Session Title: Parallel Session:
HEPATITIS C: DRUG DEVELOPMENT
Presentation Date: Apr 15, 2010
RITONAVIR BOOSTING OF LOW DOSE RG7227/ITMN-191, HCV NS3/4A PROTEASE INHIBITOR, RESULTS IN ROBUST REDUCTION IN HCV RNA AT LOWER EXPOSURES THAN PROVIDED BY UNBOOSTED REGIMENS
E. Gane1, R. Rouzier2, C. Stedman3, A. Wiercinska-Drapalo4, A. Horban4, L. Chang5, Y. Zhang5, P. Sampeur6, I. Najera7, N. Shulman7, P. Smith5, J. Tran5
1Auckland Clinical Studies, Auckland, New Zealand, 2Centre CAP, Montpellier, France, 3Christchurch Clinical Studies Trust, Christchurch, New Zealand, 4Department of Hepatology and Immunodeficiencies, Warsaw Medical University, 5Warsaw Medical University & Hospital of Infectious Diseases, Warsaw, Poland, 6Roche, South San Francisco, CA, 7Roche, Nutley, NJ, 8Roche, Palo Alto, CA, USA. *email@example.com
Background: Co-administration of low dose ritonavir resulted in larger increases in RG7227 trough concentration than area under the curve (AUC) and marginal increase in maximum concentration (Cmax), offering the opportunity to reduce the dose and/or dosing frequency of RG7227 in future Phase 2 studies. The present study evaluated the safety, tolerability, antiviral activity and pharmacokinetics (PK) of once-daily (QD) and twice-daily (BID) ritonavir boosted RG7227 (RG7227/r) in combination with standard of care (SOC) in treatment-naïve HCV genotype 1 patients.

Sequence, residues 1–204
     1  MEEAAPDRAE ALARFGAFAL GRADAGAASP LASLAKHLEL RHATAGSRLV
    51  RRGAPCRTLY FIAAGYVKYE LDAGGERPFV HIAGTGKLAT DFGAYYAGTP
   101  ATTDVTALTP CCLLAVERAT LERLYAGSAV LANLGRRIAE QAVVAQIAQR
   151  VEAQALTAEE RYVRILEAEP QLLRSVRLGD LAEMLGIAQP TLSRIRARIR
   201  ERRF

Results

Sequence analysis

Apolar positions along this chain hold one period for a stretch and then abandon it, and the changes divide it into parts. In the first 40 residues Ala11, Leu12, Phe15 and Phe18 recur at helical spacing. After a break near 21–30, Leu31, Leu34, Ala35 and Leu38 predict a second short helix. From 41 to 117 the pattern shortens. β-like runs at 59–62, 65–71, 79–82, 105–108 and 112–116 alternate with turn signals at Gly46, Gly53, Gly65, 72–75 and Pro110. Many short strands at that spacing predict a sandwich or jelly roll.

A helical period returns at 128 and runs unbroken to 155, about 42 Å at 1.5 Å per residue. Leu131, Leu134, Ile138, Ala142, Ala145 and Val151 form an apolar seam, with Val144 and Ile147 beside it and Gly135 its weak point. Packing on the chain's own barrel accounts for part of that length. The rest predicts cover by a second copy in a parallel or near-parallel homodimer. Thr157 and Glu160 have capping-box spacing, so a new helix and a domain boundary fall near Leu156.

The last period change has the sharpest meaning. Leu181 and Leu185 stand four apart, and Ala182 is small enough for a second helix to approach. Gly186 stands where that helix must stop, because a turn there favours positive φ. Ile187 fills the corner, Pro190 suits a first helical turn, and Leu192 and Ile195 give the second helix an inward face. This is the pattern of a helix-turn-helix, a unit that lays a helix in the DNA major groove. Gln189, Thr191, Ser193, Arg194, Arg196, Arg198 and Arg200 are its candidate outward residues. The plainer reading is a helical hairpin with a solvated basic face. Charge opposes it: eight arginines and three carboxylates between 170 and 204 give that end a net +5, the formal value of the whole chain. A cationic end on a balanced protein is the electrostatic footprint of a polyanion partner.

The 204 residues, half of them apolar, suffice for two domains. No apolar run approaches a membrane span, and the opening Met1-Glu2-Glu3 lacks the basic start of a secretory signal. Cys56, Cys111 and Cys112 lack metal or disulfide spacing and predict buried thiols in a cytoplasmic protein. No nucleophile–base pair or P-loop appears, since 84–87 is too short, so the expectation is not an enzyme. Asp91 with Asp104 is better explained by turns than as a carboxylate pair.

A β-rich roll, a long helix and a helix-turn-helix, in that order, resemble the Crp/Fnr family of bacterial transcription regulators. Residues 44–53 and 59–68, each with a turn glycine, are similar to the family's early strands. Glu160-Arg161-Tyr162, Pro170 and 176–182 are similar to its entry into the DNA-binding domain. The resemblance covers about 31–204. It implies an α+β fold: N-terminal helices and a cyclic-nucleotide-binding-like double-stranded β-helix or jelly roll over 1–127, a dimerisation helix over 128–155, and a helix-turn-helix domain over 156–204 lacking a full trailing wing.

Material & methods: In a double-blind, placebo-controlled, Phase 1b multiple-ascending dose (MAD) study, treatment-naïve HCV genotype 1 patients were randomized to receive RG7227/r or placebo/r plus SOC for 15 days. RG7227/r regimens were 100/100mg BID (Cohort 1), 200/100mg QD (Cohort 2), and 200/100mg BID (Cohort 3). Blood samples for HCV RNA, PK, and resistance monitoring were collected at baseline and throughout the study.
Results: Cohort 1 and 2 provided blinded data for this abstract. The following table summarizes virologic response of RG7227/r compared to un-boosted 900 mg BID, the highest dose evaluated in a previous MAD study (placebo/r data are not shown due to small N of 2):
[Summary of Virologic Response]
| || ||HCV RNA Log10 (IU/mL), Median ||Below Limit of Quantification* n (%) ||Undetectable** n (%) || |
|RG7227/r + SOC Regimen ||N ||Baseline ||Change from Baseline (Day 15) ||Day 9 ||Day 15 ||Day 9 ||Day 15 ||Viral Load Rebound n (%) |
|100/100mg BID ||9 ||6.51 ||-5.13 ||7 (78%) ||7 (78%) ||6 (67%) ||6 (67%) ||0 (0%) |
|200/100mg QD ||6 ||6.29 ||-4.80 ||3 (50%) ||4 (67%) ||2 (33%) ||3 (50%) ||0 (0%) |
|Un-boosted 900mg BID (historical) ||7 ||6.99 ||-5.29 ||2 (29%) ||4 (57%) ||1 (14%) ||1 (14%) ||0 (0%) |
|* < 40 IU/mL for this study, < 25 IU/mL for historical ** < 15 IU/mL for this study, < 9.3 IU/mL for historical |
RG7227/r AUC and Cmax were approximately 6- to 9-fold and 4- to 10-fold lower, respectively, than previously observed for 900 mg BID un-boosted. Inter-patient PK variability for RG7227/r was also lower than historical un-boosted RG7227. RG7227/r and placebo/r plus SOC were generally well tolerated. Complete data for all 3 cohorts will be presented.
Conclusion: Relative to un-boosted 900 mg BID, ritonavir boosting of low dose RG7227 provides robust and sustained virologic response at significantly lower AUC and Cmax, parameters which are often correlated with safety. These results indicate that further exploration of ritonavir boosting on the safety and efficacy of RG7227 is warranted.